In the last two chapters, Hoskins switches gears and examines the way the writer of Hebrews presents Jesus as the fulfillment of key old covenant institutions. Specifically, he traces how the writer uses Old Testament types to teach believers that they can enter into the true tabernacle through the blood of Jesus (chapter five) and how the unique sacrifice of the Messiah takes away sin (chapter six). Hoskins concludes that the writer “believes that God specifically designed the Tabernacle and its sacrifices to prefigure the better realities to come” (135). In these five chapters, Hoskins argues that a close study of the New Testament reveals a host of significant Old Testament types. For him, “the abundance of these types shows how abundantly God was predicting the climax of his saving work in Christ” (165).
Two important strengths of this volume relate to the sometimes neglected and misunderstood topics of typology and the Old Testament. In relation to an academic context, Hoskins provides a clear definition and illustration of traditional typology. Acknowledging that there are many ways to do typology poorly, Hoskins outlines the primary elements of the approach and offers a set of reflective controls for how to practice it responsibly. He strives to stay within the bounds that the New Testament writers set in finding and examining the relationship between types and antitypes. This typological modesty is instructive and should ease the apprehensions of some who have reacted to exaggerated caricatures of the approach.
In relation to a church context, Hoskins outlines the way that a pastor or teacher could recover the riches of the Old Testament for the interpretation of the New Testament. His chapters discuss at length significant New Testament texts that are frequently neglected due to their pervasive use of the Old Testament (e.g., Heb 8–10). Further, Hoskins sketches the context of several broad Old Testament themes (e.g. the old covenant sacrificial system). These expositions in particular will equip pastors with a framework that can help them lead their congregations in thinking about their practice of the Lord’s Supper. Hoskins also supplies a few sets of texts that readers can use in reflecting on the significance of Christ’s death during the Easter season (189–90). These elements serve one of Hoskins’ goals in writing, namely, to aid believers in their Bible reading and to encourage them in their worship.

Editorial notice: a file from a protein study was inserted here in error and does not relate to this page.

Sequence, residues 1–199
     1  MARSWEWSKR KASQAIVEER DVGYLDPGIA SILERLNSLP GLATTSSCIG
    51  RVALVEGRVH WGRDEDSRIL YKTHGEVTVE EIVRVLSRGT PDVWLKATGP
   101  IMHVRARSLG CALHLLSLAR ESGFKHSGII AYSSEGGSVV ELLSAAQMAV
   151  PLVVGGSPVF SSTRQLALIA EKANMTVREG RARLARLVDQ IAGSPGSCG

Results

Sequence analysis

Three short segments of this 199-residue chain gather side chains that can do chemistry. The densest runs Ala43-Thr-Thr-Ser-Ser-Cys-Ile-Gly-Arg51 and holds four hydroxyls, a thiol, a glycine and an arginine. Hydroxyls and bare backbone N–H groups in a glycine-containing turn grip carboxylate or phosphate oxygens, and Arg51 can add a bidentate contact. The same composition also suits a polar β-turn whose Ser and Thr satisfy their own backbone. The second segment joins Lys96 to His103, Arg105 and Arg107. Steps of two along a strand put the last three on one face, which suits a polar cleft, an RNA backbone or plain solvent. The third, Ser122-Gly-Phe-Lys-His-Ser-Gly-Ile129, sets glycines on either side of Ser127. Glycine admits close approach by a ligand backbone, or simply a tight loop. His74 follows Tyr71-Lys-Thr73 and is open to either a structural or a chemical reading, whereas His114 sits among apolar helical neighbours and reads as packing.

One area where this volume might be strengthened relates to the understanding and identification of types in Old Testament texts. Though Hoskins helpfully highlights the way that types are identified by Jesus and the New Testament writers, there may also be room for reflection regarding the compositional strategies of the Old Testament authors. One might ask what role the Old Testament authors play in the way that types are originally portrayed. Is it possible that one of the reasons why a New Testament author has identified a person or event as a type is because an Old Testament author has portrayed it as such? For example, it seems that the Old Testament writers already view David as a paradigmatic figure whose life represents a pattern for the coming Messiah. Demonstrating that a typological relationship is a function of the compositional strategy of both Old Testament and New Testament writers would deepen the character of the connection. Even if only a few types fall into this category, it might be helpful to ask this kind of question more directly.
Moreover, many of the connections Hoskins notes between the two Testaments involve quotations and allusions. His arguments here might profit from further reflection on the nature of these intertextual connections and on the criteria for identifying and confirming their presence in New Testament texts. In other words, there may be a number of literary considerations that would complement Hoskins’ cogent historical and theological analysis.
In sum, for the reasons outlined above, pastors and scholars would benefit from carefully considering the approach and interpretive work presented in this accessible resource.
Southwestern Baptist Theological Seminary